abs are in now for high fashion crowd

abs are in now for high fashion crowd

bare midriffs send women to the gym

bare midriffs send women to the gym

new crop top style requires abs or at least flat stomach

new crop top style requires abs or at least flat stomach

Who would have predicted that midriffs exposed by the latest crop top fashion styles would be sending women to gyms in droves. Sweat and pain is the passport to wearing these fancy clothes, and here is an article describing some of the goings on. Obviously I am partial to nicely defined abs, and I think it’s about time everyday women were after some definition as well. After all, misery loves company, and when I think of all the pain men go through to look attractive to women, why shouldn’t the females have to put in a little extra effort to look good for the men…only kidding, only kidding. I know how hard the female gender works to look sensational…

“Midriffs are suddenly in America’s face,” writes Shivani Vora in her piece titled The Time of the Tummy. “The stomach is the new erogenous zone, but not in a vulgar sort of a way,” one fashion commentator said. “Yes, you can show your whole midsection in a bra top, but most of the styles only give you a peek. Regardless, it is making women frenzied about shaping up their abs.”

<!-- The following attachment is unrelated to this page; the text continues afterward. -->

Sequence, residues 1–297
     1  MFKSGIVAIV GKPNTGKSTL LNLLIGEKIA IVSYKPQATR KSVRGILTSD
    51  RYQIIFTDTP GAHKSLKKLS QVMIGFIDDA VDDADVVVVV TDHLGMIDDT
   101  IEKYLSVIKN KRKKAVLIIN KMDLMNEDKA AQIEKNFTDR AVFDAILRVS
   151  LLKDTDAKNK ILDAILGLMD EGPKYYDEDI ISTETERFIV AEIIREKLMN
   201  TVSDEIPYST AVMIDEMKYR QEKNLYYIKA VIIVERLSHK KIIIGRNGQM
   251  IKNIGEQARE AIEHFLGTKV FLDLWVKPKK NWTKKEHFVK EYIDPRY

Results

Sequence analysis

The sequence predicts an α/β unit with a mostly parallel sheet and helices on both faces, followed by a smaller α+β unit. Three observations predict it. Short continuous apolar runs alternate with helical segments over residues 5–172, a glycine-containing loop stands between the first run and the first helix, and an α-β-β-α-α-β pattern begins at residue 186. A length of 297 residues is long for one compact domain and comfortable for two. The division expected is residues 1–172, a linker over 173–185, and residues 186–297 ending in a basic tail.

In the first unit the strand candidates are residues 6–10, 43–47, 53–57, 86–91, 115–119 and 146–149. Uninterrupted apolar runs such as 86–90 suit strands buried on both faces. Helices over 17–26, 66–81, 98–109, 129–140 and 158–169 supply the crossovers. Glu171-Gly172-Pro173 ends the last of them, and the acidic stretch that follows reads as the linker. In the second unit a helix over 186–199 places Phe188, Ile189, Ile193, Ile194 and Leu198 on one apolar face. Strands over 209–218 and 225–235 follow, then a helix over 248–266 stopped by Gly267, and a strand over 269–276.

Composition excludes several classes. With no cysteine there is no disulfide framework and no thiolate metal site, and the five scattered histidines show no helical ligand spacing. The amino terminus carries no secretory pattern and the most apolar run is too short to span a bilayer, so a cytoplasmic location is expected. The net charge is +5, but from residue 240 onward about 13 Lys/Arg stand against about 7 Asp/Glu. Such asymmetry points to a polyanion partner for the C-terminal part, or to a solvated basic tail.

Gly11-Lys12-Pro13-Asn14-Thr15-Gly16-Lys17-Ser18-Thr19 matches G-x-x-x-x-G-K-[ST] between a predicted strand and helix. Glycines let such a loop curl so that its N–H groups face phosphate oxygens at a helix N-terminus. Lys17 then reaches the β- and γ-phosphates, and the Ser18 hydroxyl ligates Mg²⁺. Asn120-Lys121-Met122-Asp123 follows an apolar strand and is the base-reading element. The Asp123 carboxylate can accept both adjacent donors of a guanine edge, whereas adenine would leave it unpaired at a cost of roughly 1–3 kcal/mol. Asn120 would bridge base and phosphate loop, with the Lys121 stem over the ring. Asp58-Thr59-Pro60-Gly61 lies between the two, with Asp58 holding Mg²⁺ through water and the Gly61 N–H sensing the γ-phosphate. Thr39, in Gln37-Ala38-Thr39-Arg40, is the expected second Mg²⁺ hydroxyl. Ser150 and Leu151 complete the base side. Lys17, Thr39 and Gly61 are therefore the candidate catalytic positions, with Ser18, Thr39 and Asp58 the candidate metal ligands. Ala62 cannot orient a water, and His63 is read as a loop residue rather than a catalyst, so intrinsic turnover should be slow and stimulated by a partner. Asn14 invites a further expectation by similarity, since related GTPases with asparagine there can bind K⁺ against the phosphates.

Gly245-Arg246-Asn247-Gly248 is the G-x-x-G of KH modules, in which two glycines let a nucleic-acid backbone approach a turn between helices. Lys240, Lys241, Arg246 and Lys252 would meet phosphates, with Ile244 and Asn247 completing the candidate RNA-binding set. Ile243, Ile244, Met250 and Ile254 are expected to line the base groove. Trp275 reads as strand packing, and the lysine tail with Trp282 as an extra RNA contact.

The 5-foot, 115-pound Jewlie Williams, another fashionista, for example, spends more than two hours most days of the week exercising in stomach-centric classes like Ab Attack (Crunch offers three others as well), running and dancing. Her day begins and ends with 100 crunches, she said, and she has drastically cut down on her sugar intake.

“I bought six crop tops, but I felt like I needed tighter and flatter abs to feel good wearing them,” she said, “so I’ve been working really, really hard to get them better-looking.”

Sandra Ciconte, an already-slender 5-foot-6, has embarked upon a six-day-a-week routine that includes two private sessions with at Core and a 20-minute floor routine by herself on other days.

Dr. Michele Olson, an exercise physiologist at Auburn University, stressed that cardio intervals such as alternating sprinting with walking are the first step to a six-pack. “You need to have less fat over all to have firm abs,” she said, “not do hundreds of crunches or situps.”